Women’s Footy: Hunting Success

HUNTING SUCCESS

 

As luminaries gathered in Melbourne, Megan Hunt was hard at work.

 

The twenty-two year old hoping against hope she would receive the call, which would change her life forever.

 

Sure enough, the call came. From none other than Lions’ coach Craig Starcevich.

 

“(He) was in Melbourne at the actual draft,” she said, “and as my name was getting called out he said ‘Oh Megan listen to this.’”

 

She was taken at pick number sixty-three. A number that will no doubt stay with her for many years to come.

 

 

Hunt left her hometown of Tannum Sands, off the coast of Gladstone, Central Queensland, back in 2013.

 

Year after year she had made Queensland teams, but the eight-hour commute made it too difficult to play.

 

“All the trainings were in Brissy. I could never be a part of the squad. Could never train with the girls. And I knew if I wanted to play in the women’s Queensland team I’d have to move down here”.

 

Hunt’s affinity for the game blossomed at a very young age.

 

In a town dominated by rugby league, and little else, Hunt bucked the trend.

 

Her love for the Sherrin permeated everything else. It was a love, a life, a destiny.

 

“I played with the boys and I just loved that because it was harder for me. My brother and my family are big footy supporters so they really pushed me to just keep doing Auskick and playing under-elevens.”

 

Then at just fifteen, she was told she couldn’t play with the boys anymore.

 

Her future, in the game, looked bleak.

 

But Hunt had a fire in her. She couldn’t let the game go.

 

“There was no girls footy up there so I was pretty shattered. I wrote a letter to the league saying ‘can you please let me play with the boys?’”

 

That idea was quickly ruled-out. But what happened next, saw Hunt become a leading-light in women’s Aussie rules long before she was drafted.

 

“They said if you can get a team up in Tannum, we’ll get teams up in Rockhampton, and we’ll start a women’s league.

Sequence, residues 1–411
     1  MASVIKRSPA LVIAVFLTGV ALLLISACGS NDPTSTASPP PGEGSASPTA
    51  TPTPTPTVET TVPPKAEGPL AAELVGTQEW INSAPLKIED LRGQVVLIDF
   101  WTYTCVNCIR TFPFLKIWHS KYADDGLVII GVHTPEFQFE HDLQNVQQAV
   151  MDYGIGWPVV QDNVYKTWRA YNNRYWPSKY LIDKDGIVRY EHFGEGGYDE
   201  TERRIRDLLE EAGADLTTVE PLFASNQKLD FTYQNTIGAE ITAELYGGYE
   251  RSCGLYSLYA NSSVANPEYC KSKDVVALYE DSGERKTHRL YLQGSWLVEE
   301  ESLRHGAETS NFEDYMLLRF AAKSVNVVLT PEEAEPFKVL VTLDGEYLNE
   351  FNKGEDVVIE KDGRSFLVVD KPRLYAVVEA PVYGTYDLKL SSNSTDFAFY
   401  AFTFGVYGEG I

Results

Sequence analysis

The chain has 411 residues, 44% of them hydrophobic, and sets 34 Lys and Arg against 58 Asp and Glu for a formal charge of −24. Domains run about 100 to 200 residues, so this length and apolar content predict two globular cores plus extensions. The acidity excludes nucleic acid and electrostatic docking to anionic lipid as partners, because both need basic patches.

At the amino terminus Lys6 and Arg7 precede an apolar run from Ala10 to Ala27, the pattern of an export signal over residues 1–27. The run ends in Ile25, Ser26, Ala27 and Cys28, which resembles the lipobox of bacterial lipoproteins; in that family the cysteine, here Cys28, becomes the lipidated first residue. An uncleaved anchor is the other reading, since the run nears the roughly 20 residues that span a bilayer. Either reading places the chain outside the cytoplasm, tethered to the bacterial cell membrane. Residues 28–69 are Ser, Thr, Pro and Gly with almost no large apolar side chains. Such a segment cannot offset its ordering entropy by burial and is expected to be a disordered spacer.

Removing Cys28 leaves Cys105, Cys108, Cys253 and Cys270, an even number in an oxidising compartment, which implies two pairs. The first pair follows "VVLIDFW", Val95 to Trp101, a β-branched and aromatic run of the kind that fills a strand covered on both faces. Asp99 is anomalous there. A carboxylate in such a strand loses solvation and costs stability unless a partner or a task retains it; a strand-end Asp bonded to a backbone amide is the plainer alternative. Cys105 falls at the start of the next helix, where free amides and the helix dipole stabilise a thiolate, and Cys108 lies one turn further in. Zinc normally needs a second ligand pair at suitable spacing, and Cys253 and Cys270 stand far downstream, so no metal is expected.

I just called all my friends from school. Even if they didn’t like AFL, I said “you’re playing footy”. I want to play.

 

We won the premiership that first year.”

 

AFL Capricornia’s regional manager, Scott Smithwick says if it wasn’t for Hunt, the local women’s league may never have been created.

 

So much so, when the league first released flyers urging girls to play the game, Hunt’s face graced the cover.

 

“Decided to make the women’s league just because of Megan pushing so hard to make sure she was included” he said, “so our women playing today in the AFL Capricornia Women’s league have Megan to thank.”

 

Hunt is just the fourth player from Central Queensland to make any A-F-L list, behind Geelong’s Zac Smith, and the now delisted Gavin Urquhart and Paul O’Shea.

 

There are many talented footy women in Central Queensland, just waiting in the wings, and to those girls, Hunt has one message:

“I hope that me moving down here, and me getting drafted, just proves that you can make it no matter where you live. If you want to take it to that next level you’ve just got to put in the hard yards”.

 

Catherine Durkin is WIN News, Central Queensland’s Sports Journalist.

About Catherine Durkin

Catherine Durkin, who has been writing for the Almanac since her high school days, is now a journalism graduate and a reporter for 9 News Western Victoria

Comments

  1. Barkly St End says:

    This new womens league keeps throwing up some amazing stories.

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